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Despite ructions, we still need the ABC

  • 27 September 2018


There are several things to be detangled from the ABC board's dismissal of Michelle Guthrie as managing director, and the subsequent resignation of the chair Justin Milne.

First, Michelle Guthrie is not the ABC. The role of managing director is a role among many within the organisation, albeit one distinctly loaded with expectation and responsibility. It is the prerogative of the board to make decisions on executive appointments. Under certain circumstances, a decision to terminate can be read as protective of the institution rather than diminution of it.

Second, it cannot pass notice that internal dissatisfaction over the way Guthrie handled her role had become significant. Grievances reportedly include her Silicon Valley-style management, received as demoralising within public broadcasting culture; her trips to Singapore, which raised questions about commitment; persistent uncertainty over budget priorities, which was affecting staffing and production; and her failure to shield the ABC from political/ideological agendas.

These are reasonable concerns, falling beyond differences of personality or the whim of the board. Australians can treasure and defend the ABC while also demanding that the MD lead effectively, even if it means that those who have been attacking the broadcaster for years find opportunity in the tumult. With Guthrie engaging lawyers, the nature of her termination is now also a legal matter.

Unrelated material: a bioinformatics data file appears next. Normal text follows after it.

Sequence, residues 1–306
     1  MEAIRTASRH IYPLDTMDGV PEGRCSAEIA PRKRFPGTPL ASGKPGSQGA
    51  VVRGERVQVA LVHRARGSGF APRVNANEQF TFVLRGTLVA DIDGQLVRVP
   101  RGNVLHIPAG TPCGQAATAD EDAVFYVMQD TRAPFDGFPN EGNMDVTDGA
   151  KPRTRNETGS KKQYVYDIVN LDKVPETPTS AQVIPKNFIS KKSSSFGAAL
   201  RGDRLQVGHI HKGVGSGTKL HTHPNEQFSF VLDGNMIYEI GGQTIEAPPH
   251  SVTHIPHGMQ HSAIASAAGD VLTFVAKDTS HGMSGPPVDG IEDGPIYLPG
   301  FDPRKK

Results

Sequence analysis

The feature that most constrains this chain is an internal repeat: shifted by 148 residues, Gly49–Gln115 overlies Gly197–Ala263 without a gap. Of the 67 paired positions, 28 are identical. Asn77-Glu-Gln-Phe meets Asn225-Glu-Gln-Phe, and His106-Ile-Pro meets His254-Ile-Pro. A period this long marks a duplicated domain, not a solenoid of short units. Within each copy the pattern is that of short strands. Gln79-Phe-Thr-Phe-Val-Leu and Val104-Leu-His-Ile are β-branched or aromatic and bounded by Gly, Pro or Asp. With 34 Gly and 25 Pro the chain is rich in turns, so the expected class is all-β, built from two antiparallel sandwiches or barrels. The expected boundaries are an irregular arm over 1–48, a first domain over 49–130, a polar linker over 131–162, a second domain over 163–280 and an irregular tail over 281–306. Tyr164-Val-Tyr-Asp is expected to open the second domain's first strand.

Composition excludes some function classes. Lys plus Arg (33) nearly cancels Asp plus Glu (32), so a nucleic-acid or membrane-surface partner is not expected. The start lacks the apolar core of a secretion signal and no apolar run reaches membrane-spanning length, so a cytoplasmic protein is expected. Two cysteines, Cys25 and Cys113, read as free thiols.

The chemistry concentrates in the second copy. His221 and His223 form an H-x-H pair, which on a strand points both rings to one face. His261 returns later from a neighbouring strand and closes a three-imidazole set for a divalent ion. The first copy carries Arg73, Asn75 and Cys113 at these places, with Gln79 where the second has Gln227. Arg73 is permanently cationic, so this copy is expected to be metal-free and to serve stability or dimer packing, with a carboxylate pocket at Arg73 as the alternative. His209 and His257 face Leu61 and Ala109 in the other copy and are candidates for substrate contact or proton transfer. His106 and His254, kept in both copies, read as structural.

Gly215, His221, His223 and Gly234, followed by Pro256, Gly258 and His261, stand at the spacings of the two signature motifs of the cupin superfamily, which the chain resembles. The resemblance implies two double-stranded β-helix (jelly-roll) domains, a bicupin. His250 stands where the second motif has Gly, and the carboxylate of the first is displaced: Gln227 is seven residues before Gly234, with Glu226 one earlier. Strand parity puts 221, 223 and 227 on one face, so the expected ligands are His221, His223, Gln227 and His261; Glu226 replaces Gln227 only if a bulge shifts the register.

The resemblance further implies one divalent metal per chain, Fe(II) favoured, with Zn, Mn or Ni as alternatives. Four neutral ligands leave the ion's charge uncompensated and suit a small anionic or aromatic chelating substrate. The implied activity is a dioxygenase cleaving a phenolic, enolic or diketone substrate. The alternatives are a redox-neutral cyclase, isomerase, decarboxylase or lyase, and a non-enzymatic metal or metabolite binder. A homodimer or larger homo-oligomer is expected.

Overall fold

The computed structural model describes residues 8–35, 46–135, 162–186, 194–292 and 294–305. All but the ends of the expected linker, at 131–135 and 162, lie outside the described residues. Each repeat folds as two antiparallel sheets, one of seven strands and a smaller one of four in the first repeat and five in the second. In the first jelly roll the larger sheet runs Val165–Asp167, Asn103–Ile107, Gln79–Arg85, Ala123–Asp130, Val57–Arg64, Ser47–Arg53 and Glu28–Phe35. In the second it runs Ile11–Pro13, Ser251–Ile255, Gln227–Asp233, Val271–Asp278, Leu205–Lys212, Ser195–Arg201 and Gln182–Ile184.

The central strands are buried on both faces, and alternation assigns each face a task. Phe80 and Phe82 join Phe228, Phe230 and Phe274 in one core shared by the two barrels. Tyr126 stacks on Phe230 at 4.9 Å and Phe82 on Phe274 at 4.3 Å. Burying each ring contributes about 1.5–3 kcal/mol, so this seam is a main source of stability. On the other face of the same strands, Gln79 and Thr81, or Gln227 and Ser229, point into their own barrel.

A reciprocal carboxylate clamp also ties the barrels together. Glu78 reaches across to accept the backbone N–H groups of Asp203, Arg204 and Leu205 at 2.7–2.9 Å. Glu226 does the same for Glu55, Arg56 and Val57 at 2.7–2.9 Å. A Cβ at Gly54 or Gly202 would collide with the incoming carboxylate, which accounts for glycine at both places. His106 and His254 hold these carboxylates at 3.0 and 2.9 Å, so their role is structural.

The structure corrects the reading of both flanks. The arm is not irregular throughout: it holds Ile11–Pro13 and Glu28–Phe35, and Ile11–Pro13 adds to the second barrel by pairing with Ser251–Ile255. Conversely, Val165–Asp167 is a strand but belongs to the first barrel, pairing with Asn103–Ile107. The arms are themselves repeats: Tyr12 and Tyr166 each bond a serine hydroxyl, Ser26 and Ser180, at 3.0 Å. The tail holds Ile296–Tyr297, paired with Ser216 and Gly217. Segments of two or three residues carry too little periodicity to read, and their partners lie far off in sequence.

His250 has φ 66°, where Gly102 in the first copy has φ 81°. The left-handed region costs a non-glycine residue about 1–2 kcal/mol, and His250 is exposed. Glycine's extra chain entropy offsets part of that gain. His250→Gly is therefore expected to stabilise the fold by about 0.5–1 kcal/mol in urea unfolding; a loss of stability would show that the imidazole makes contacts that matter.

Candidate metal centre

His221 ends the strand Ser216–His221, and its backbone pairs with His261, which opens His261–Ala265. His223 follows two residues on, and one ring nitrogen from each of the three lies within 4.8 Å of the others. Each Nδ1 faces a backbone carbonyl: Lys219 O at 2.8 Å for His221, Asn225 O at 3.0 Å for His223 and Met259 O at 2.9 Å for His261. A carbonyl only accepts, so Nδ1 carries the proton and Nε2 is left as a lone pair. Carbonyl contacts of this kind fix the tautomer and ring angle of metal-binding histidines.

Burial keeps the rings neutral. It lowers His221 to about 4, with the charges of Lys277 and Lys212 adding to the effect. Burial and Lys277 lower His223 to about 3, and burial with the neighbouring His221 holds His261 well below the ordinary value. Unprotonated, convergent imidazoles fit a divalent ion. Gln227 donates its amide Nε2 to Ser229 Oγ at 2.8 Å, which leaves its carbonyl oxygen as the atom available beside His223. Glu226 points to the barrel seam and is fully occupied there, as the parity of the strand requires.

Other matters are less prosaic. In the lead-up to Milne's resignation, certain things came to light suggesting that he had exerted pressure to sack journalists, with the view of placating the then Turnbull government or avoiding its attention.

Fairfax reported that Milne had sent an email to Guthrie last May about firing economics journalist Emma Alberici after a series of complaints from the government. He allegedly also told her to fire political editor Andrew Probyn. The revelations raise questions about other interventions — ones that might have been made and not yet revealed, as well as those that could be made in the future.

Milne's own words bear noting: 'You can't go around irritating the person who's going to give you funding again and again if it's over matters about accuracy and impartiality.' The ABC has lost $254 million in funding under the Coalition since 2014, compounded in this year's federal budget by a three-year indexation freeze, as well as $43 million cut from news and current affairs.


"It does not take bad people to erode the things upon which democracies rest. It was enough that the ABC chair came to understand what